Students from the MIT Driverless team, together with students from Delft University of Technology (TU Delft), placed third overall — in a field of 20 university competitors — in the Driverless category at the 2019 Formula Student Germany (FSG) competition in Hockenheim, Germany. Winning teams were scored not solely on speed, but also by their overall construction, performance, and financial planning. The intercontinental MIT-TU Delft team placed first in Cost and Manufacturing, second for Business Concept, and third for Engineering Design and Presentation.
One of the largest student engineering competitions in the world, FSG takes place at the Hockenheimring Track. Close to 3,500 students from 26 nations participated in the 2019 FSG.
The team’s third-place finish comes at the heels of their second-place finish in the Driverless category at Formula Student Italy (FSI), competing with more than 2,600 students among 86 teams.
The MIT Driverless team, made up of 25 undergraduate and graduate students across six disciplines, has the distinction of being the Institute’s first student-led autonomous Formula race car team.
MIT Driverless, operating under the auspices of the Edgerton Center, partnered with the TU Delft Driverless team in Delft, Netherlands, early in summer 2018. Over the past year, the teams worked together to modify TU Delft’s electric race car, building the software to operate the car autonomously.
“Connecting the world-class electric vehicle from Delft with breakthrough robotics research at MIT was a logical choice,“ says team captain Luke Kulik, a graduate student in aeronautics and astronautics. “It simply had to be done, despite all the logistical challenges.” To stay connected, the teams had multiple standing conference calls each week, as well as three major integration trips in January, March, and June, when the MIT team traveled to Delft.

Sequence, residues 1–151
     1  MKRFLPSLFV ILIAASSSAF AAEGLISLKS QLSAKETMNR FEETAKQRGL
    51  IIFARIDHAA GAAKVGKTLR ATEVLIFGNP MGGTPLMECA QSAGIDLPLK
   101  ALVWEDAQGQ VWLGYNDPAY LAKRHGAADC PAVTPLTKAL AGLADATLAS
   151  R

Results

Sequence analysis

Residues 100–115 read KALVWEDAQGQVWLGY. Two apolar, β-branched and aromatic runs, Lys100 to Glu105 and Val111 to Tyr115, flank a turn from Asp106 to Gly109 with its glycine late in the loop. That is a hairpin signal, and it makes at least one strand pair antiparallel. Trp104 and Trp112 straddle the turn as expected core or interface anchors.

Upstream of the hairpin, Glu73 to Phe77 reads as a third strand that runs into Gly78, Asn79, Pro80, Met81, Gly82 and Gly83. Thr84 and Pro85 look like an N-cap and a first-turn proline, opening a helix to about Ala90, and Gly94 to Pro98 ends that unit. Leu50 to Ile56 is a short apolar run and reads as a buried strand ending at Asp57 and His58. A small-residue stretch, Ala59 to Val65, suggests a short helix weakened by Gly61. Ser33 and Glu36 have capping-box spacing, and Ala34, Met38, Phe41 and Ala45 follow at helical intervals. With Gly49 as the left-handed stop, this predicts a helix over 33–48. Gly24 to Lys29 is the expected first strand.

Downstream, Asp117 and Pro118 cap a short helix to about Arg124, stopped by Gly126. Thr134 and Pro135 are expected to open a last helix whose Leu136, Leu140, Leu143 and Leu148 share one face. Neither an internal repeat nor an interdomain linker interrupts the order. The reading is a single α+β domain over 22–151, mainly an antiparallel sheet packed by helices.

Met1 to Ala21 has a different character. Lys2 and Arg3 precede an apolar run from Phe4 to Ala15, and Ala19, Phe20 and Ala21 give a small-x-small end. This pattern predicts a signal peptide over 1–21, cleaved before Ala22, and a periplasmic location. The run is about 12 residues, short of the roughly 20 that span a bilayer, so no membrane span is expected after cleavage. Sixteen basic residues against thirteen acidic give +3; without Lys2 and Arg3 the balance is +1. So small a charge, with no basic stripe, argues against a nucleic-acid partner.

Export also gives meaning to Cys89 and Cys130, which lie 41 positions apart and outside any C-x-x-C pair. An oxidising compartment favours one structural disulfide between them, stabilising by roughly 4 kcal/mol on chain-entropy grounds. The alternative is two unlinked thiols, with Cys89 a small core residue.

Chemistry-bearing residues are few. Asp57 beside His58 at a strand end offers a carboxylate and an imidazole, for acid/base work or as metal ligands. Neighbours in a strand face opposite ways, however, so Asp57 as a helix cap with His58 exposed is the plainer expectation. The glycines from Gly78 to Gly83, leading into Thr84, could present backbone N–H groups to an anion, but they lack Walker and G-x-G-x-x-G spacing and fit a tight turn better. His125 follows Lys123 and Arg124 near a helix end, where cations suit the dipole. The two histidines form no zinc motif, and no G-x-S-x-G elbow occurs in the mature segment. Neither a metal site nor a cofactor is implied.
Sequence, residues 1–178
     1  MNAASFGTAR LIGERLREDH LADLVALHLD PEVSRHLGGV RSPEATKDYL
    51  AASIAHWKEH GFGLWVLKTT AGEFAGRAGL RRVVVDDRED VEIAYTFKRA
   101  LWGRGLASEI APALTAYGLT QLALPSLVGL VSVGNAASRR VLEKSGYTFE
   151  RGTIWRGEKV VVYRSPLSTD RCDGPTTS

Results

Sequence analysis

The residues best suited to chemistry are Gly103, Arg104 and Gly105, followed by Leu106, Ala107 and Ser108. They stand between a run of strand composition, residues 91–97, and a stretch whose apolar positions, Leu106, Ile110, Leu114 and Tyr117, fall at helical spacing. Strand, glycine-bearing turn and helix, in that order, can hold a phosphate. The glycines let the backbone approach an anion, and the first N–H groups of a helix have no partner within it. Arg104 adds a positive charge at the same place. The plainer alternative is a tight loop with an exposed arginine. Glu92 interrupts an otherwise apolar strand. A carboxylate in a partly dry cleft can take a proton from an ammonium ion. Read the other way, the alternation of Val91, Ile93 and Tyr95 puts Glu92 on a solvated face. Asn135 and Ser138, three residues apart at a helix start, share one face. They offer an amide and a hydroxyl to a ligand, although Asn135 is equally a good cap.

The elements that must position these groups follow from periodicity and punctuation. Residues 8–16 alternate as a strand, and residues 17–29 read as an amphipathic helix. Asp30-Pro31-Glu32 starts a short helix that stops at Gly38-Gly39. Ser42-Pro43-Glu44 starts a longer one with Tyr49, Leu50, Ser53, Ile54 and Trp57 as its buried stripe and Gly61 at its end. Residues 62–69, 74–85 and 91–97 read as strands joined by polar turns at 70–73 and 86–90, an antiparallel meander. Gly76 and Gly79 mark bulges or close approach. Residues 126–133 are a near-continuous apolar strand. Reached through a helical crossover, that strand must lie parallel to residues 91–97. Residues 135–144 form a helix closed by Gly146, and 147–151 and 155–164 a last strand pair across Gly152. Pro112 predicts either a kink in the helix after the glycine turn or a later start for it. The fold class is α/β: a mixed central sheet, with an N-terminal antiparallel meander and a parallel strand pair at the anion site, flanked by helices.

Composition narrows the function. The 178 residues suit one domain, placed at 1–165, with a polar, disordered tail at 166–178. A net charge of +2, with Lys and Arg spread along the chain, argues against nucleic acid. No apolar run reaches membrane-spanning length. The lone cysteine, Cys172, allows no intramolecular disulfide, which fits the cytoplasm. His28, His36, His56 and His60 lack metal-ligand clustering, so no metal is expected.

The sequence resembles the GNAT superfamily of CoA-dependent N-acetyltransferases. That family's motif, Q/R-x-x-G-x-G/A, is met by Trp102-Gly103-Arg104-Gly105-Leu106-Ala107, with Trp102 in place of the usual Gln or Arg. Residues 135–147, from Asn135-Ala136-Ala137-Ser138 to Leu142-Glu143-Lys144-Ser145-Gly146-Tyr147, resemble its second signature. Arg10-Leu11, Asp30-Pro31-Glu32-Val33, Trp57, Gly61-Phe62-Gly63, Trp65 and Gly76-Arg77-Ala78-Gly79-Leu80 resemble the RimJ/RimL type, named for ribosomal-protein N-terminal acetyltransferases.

The MIT Driverless team undertook all facets of autonomous vehicle technology, teaching the race car how to perceive and interpret its environment, and then plan its path despite uncertainties and errors. A key difficulty, especially for a team in two different locations, was making sure all subsystems worked together seamlessly and that the assumptions made throughout the year were reasonable.
“A million small things needed to come together for the car to run — that’s why it was so satisfying to see the vehicle zip through the track at FSG,” says Kathleen Brandes, a graduate student in electrical engineering and computer science and the team’s chief of path planning and controls during the competition. At FSG, the team’s top speed was 41 kilometers per hour in the acceleration event, and their average lap time was 78 seconds in the main Trackdrive event.
“This is an impressive accomplishment, also considering the team developed a complete working solution in less than one year, and the long-distance nature of the collaboration with the Delft team,” says the team’s faculty advisor, Luca Carlone, assistant professor of aeronautics and astronautics. “It has been very exciting to interact with such a talented and dedicated team of students and was terrific to see this great result from Luke and his team.”
The team is looking forward to carrying the momentum from their first year of competing to the 2019-20 season. Sponsors include Magna, Waymo, Samsung, and the Edgerton Center.